1 in 3 Americans Can’t Make a $20 Cash Purchase Without Using an ATM
Do you carry cash? Are you carrying cash right now? If you had to make a cash purchase, would you need to make a quick trip to the ATM? If you answered no to the first two questions and yes to the last, you’re hardly alone.
The rise of fintech start-ups, electronic payment apps and online banking — not to mention the ubiquity of credit cards and debit cards — has made it possible for many Americans to go without carrying cash most of the time. And many observers speculate that a cashless society could become a reality sooner rather than later.
In this DepositAccounts survey, we have taken a closer look at how many people are living a cashless lifestyle and explored the reasons people forego carrying cash.
- Approximately 22% of survey respondents said they were not carrying any cash when we spoke to them. Not surprisingly, the younger the respondent, the less likely they are to have cash — 35% of the youngest respondents did not have any cash on them.
- About 1 in 3 respondents wouldn’t be able to make a $20 cash purchase without going to an ATM first. Around 33% of the people we surveyed said they withdraw cash a few times a month, 21% responded they withdraw cash once a week or more, and another 21% get cash once a month. Meanwhile, 11% withdraw cash once every few months, and 14% withdraw cash even less often than that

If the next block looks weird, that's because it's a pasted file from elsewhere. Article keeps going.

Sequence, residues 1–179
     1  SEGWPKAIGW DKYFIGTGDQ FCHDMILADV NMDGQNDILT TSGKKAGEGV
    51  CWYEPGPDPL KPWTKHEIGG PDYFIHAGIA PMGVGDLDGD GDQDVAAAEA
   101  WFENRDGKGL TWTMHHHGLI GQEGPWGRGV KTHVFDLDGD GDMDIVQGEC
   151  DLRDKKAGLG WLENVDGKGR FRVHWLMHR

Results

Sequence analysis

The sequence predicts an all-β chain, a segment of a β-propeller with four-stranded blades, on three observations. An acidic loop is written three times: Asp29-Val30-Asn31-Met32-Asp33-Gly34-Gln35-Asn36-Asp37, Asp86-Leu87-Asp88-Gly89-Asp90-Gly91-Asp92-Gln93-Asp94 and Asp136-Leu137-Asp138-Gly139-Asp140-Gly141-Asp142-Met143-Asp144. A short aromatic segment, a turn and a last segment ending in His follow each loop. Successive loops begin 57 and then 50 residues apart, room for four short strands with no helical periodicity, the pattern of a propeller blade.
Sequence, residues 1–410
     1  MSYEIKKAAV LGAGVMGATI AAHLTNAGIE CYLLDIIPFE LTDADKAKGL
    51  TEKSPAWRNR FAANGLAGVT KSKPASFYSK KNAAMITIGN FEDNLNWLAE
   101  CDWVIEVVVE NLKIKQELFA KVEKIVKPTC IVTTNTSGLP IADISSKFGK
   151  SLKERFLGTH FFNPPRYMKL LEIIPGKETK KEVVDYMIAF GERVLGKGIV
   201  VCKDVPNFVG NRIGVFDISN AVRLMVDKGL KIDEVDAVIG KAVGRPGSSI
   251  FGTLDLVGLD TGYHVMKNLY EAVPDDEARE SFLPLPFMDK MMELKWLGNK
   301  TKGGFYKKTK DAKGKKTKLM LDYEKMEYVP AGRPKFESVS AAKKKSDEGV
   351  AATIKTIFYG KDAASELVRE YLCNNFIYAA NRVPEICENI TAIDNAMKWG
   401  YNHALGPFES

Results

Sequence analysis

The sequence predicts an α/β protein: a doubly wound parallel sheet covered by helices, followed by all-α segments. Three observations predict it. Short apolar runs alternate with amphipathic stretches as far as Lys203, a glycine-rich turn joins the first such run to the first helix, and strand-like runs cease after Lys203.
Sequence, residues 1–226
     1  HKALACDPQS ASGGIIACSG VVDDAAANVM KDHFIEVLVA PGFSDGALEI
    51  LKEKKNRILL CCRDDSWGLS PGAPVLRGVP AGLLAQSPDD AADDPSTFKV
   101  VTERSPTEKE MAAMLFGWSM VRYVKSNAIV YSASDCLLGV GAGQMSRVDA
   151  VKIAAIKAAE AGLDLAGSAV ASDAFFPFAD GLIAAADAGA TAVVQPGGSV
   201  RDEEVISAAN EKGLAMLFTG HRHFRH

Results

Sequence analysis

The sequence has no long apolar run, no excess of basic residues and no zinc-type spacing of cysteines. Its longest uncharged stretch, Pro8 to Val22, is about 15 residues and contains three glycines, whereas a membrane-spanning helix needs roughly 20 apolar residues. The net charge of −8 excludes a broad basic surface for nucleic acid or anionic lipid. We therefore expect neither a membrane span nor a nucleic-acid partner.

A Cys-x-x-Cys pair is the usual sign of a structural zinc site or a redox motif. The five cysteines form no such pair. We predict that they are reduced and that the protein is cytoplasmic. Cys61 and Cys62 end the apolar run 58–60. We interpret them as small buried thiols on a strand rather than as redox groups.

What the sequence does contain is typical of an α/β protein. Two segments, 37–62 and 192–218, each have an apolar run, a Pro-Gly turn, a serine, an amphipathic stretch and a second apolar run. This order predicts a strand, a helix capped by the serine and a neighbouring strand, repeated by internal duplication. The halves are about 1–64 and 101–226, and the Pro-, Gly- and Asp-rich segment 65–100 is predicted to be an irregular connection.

- Approximately 67% of Americans have been caught in a situation where they regretted not carrying cash, and nearly 6 in 10 have been in an emergency situation where they needed cash but did not have any. Millennials and members of Gen X were most likely to have been in a situation where they regretted not carrying cash. Members of Gen X are also most likely to have been in an emergency situation where they needed cash.
- Nearly 55% said they are frustrated when a business only accepts cash payments. Millennials are generally most likely to feel this frustration.
Here’s why Americans carry cash
According to our survey, the majority of Americans who carry cash do so to be prepared for an emergency. The next most popular response indicated that respondents keep cash on their person in order to pay for small purchases.
Only 25% responded that they actually prefer using cash, while 38% used cash out of necessity, due to cash-only services or a store’s card reader being down.
How much cash do Americans typically carry?
Our survey shows that when people do admit to carrying cash regularly, the amounts they have on them are relatively small: 32% say they carry $1 to $20, while 26% say they carry $21 to $49.
DepositAccounts' founder Ken Tumin says he’s somewhere in the middle. “Even though I use credit cards for most of my purchases, I still carry more than $20,” he says. “I like the idea of having cash as a backup form of payment.”